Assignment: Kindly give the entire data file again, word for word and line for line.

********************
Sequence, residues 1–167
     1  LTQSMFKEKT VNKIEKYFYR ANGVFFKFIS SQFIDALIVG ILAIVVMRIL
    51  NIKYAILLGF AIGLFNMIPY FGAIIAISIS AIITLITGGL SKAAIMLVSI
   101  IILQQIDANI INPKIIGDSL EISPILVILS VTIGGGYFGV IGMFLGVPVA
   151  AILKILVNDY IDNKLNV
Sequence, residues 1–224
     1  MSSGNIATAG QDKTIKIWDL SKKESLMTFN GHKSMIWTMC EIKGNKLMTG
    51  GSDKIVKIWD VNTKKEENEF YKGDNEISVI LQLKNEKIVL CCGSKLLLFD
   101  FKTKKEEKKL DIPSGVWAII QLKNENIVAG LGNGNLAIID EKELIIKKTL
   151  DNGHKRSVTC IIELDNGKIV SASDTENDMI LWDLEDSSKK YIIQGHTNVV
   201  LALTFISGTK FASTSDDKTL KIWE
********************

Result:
Sequence, residues 1–167
     1  LTQSMFKEKT VNKIEKYFYR ANGVFFKFIS SQFIDALIVG ILAIVVMRIL
    51  NIKYAILLGF AIGLFNMIPY FGAIIAISIS AIITLITGGL SKAAIMLVSI
   101  IILQQIDANI INPKIIGDSL EISPILVILS VTIGGGYFGV IGMFLGVPVA
   151  AILKILVNDY IDNKLNV
Sequence, residues 1–224
     1  MSSGNIATAG QDKTIKIWDL SKKESLMTFN GHKSMIWTMC EIKGNKLMTG
    51  GSDKIVKIWD VNTKKEENEF YKGDNEISVI LQLKNEKIVL CCGSKLLLFD
   101  FKTKKEEKKL DIPSGVWAII QLKNENIVAG LGNGNLAIID EKELIIKKTL
   151  DNGHKRSVTC IIELDNGKIV SASDTENDMI LWDLEDSSKK YIIQGHTNVV
   201  LALTFISGTK FASTSDDKTL KIWE